It’s a shame that this company has such a great name and a snappy name for the product. However, it doesn’t work. You probably can’t improve your vision with an app and it’s not about “neuroplasticity” which is a sciencey word used here in order to impress consumers.
The California-based marketers of a software application for mobile devices and personal computers have agreed to stop making deceptive claims that their “Ultimeyes” app can improve users’ vision in order to settle FTC charges. Under the terms of a proposed settlement with the FTC, Carrot Neurotechnology, Inc. and its co-owners have also agreed to disgorge $150,000.
“This case came down to the simple fact that ‘Ultimeyes’ promoters did not have the scientific evidence to support their claims that the app could improve users’ vision,” said Jessica Rich, Director of the Bureau of Consumer Protection. “Health-related apps can offer benefits to consumers, but the FTC will not hesitate to act when health-related claims are not based on sound science.”
But they sold the product saying they DID claim it was “scientifically shown to improve vision.”
The FTC will soon publish a description of the consent agreement in the Federal Register where it will be open for public comment.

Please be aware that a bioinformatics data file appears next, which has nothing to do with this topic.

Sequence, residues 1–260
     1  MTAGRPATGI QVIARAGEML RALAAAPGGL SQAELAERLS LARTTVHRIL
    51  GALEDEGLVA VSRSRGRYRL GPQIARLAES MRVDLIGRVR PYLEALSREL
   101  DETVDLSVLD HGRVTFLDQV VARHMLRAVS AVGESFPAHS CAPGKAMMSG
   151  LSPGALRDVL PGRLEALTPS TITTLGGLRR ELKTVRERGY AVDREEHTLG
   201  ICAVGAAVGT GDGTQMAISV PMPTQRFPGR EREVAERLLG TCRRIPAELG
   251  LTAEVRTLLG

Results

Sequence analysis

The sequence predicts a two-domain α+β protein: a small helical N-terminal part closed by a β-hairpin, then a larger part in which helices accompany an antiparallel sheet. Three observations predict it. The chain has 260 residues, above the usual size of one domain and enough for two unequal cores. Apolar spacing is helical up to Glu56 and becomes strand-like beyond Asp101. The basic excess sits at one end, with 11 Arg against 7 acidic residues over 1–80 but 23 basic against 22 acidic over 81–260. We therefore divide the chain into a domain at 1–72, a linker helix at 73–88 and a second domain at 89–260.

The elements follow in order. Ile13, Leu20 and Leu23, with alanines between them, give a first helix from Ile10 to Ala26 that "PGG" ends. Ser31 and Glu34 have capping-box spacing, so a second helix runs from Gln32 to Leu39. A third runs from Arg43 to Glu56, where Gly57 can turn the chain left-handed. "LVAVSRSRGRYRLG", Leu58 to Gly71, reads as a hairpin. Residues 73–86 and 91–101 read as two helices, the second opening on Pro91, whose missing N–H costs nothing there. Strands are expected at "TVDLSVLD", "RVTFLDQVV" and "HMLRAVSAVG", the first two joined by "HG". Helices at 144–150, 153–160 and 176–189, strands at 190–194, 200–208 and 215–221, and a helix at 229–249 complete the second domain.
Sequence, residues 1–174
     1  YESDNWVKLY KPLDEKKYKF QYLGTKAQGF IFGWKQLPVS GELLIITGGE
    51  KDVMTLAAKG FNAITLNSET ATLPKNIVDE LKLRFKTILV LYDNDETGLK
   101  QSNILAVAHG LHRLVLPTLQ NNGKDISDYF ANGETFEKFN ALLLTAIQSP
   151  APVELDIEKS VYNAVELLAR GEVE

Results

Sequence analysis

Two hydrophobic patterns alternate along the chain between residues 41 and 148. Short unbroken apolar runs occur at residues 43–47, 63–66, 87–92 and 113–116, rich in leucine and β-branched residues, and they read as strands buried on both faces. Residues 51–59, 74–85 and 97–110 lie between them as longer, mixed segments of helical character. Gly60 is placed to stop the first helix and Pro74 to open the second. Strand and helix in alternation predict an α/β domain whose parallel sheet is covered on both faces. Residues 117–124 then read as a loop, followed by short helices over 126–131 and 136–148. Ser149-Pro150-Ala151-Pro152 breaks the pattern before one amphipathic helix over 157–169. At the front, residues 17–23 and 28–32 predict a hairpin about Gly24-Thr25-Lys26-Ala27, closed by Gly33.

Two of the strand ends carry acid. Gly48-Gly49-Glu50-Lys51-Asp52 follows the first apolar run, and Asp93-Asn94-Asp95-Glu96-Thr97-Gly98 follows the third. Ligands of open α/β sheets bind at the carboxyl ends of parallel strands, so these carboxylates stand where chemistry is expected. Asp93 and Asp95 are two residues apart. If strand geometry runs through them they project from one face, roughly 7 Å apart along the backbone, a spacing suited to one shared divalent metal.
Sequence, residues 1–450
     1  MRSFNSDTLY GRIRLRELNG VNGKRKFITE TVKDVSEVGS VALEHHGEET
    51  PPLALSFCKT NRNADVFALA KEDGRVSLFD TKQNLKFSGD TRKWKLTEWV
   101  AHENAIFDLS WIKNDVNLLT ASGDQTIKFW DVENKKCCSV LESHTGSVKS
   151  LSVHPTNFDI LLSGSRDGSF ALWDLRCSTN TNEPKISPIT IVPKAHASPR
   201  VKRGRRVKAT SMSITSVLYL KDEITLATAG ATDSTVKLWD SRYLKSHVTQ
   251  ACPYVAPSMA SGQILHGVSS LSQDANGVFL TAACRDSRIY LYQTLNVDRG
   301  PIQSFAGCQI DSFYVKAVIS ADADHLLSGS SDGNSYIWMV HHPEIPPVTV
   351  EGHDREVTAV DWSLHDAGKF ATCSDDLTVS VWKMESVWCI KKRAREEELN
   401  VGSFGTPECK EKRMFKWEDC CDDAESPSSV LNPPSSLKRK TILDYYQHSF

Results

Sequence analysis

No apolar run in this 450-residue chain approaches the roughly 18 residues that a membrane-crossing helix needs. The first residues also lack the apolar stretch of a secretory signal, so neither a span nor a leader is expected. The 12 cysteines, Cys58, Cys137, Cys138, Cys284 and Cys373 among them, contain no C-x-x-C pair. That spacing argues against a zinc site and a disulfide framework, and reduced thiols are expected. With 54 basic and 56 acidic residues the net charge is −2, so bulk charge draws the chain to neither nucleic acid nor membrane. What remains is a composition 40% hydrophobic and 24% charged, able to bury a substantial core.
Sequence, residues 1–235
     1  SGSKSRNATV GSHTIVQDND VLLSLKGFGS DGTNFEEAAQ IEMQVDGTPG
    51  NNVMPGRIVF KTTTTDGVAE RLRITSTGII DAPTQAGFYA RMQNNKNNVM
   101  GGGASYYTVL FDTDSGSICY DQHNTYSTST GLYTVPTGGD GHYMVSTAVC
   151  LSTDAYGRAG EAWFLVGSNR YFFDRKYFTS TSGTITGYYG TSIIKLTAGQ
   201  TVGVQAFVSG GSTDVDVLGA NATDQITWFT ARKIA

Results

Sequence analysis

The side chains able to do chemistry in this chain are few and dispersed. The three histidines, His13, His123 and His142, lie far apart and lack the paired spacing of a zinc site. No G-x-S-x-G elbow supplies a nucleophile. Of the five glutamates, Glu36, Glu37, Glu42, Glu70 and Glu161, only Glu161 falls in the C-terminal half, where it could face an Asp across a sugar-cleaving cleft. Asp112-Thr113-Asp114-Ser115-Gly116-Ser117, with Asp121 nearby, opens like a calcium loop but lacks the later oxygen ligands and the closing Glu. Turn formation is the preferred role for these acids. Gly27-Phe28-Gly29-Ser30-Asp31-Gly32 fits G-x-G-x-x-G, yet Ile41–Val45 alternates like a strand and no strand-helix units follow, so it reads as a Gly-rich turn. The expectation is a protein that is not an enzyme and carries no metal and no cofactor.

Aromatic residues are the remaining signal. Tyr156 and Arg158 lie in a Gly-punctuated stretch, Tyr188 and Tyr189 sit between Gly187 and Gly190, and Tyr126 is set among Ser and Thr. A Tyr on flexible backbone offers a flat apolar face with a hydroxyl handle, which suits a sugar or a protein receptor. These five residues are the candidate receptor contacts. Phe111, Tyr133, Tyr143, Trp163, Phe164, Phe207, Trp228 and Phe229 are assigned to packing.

Back in 2014, CBS News did a story on Ultimeyes and a similar app called “Glasses Off”. The piece had a skeptical blurb by an ophthalmologist who said:
“Human vision quality is determined by the physical eye and the way the brain reads the information that the eye captures,” she said. “To think that we can reverse presbyopia or reverse having to wear glasses for myopia and any of those different prescriptions solely on neuroplasticity is just not accurate.”
The studies cited in support of Glasses Off are small or address those with vision issues like lazy eye. It’s not clear if this work directly supports their claim that an app will improve your vision. There appears to be no action taken by the FTC for that app though they also claim they have a “scientifically proven” proprietary method for improving vision.
There is no quick and easy $10 fix for aging eyes, except cheap reading glasses.